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The Importance of Effective Data Backup

Article (PSA-0001)
Submitted by: Billy Joe Long, Member/Manager
Company: Problem Solving Applications, LLC
Original title: Is my data safe?
Retitled: The Importance of Effective Data Backup
Original release date: December 19, 2012

Life insurance, medical insurance, and retirement funds are all ways we try to ensure the things most important to us are protected. What about your data? Most of us store things like family pictures, legal documents, important thoughts and expensive software on our computers. How important is this data to you?

One way to gauge the importance of something is to imagine it is gone. So take a moment, and imagine your computer is gone. What would you miss? If you can honestly say, “Nothing!” then you can skip this article. If, on the other hand, you have a list forming in your mind of things you would miss, then please read on.

With so many backup ideas and tools floating around today, it can be difficult to know your files are safe. The intent of this article is to help you understand some basics about data backup, so you can know if your files are safely backed up or not. In the following scenarios, we are considering the ability to recover data in the event of a hard disk failure. Let’s consider three questions.

Question #1:

“Is my data safe if I copy it to another folder on my computer?”
No, your data is not safe. Consider the consequences of a failed hard disk. Not only is the original copy of your data inaccessible, but so is your “backup”!

An effective backup of your data requires, at a minimum, two copies of your data located on two separate storage medium. For example, you could have your original data on your computer’s hard disk, and a copy of your data on an external drive. Other possible backup media choices include: cd’s, dvd’s, usb flash drives, extra internal hard disk, network storage appliances, and online backup services.

Question #2:

“Is my data safe if I copy it to separate storage media?”
Using the example of a failed hard disk from question #1, let’s summarize the process of getting your computer back up and running. First we need to install a new hard disk. Next we install the operating system, hardware drivers, system updates and your favorite software. Finally we attempt to restore your data from your backup media … only to discover the backup is corrupt or incomplete!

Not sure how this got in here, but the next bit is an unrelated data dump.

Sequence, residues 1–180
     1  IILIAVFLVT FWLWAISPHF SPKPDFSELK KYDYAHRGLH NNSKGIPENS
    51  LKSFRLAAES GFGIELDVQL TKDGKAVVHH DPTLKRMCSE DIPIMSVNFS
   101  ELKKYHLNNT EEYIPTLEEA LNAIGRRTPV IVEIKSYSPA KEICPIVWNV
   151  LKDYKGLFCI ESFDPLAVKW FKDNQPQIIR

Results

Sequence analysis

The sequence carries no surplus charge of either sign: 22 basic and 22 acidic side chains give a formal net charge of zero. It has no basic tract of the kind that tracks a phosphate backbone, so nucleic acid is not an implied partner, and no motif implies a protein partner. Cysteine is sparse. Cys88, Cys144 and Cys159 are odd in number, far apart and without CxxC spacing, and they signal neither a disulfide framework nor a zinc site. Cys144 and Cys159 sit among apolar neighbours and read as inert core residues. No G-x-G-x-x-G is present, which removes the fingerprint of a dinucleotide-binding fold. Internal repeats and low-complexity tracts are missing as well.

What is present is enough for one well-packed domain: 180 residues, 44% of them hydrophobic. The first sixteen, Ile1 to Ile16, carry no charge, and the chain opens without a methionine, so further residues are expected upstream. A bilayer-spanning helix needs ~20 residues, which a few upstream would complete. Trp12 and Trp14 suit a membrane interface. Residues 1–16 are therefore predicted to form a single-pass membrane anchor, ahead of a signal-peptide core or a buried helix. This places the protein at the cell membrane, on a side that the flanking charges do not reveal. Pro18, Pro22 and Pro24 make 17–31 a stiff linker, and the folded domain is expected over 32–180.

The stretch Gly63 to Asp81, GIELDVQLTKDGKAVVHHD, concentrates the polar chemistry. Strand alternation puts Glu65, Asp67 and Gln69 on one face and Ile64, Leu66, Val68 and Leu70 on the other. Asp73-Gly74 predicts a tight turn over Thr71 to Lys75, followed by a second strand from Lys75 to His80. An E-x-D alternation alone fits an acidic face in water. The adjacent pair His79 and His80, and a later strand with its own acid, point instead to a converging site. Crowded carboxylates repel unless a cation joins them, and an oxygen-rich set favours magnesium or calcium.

Testing your backup for accuracy and integrity is critical. Just because the backup software says the job is complete does not necessarily mean the backup is useful. Take the time to test your backup now, and save yourself heartache in the future.

Question #3:

“Is my data safe if I copy it to backup media, and test the backup for accuracy?”
Consider the consequences of a catastrophic fire or natural disaster. Your computer has been destroyed and unfortunately so was the storage medium containing your backed-up data!

Your data should be stored safely “off-site”, or, at the very least, in a fire proof safe. Storing a copy of your data on an external storage media and testing your backup for accuracy and integrity is a good start, but in mission critical situations an “off-site” copy is a must!

How important are your files? By keeping a tested backup “off-site” you can rest assured that even in the event of the unthinkable your data will still be recoverable.

For more information on data backup or if you would like a consultation on your personal or business backup process, call (707) 506-6228.

Revisions

  • December 19, 2012: Initial Publication
  • November 11, 2015: Text Edits
  • May 24, 2016: Rewording For Better Clarity

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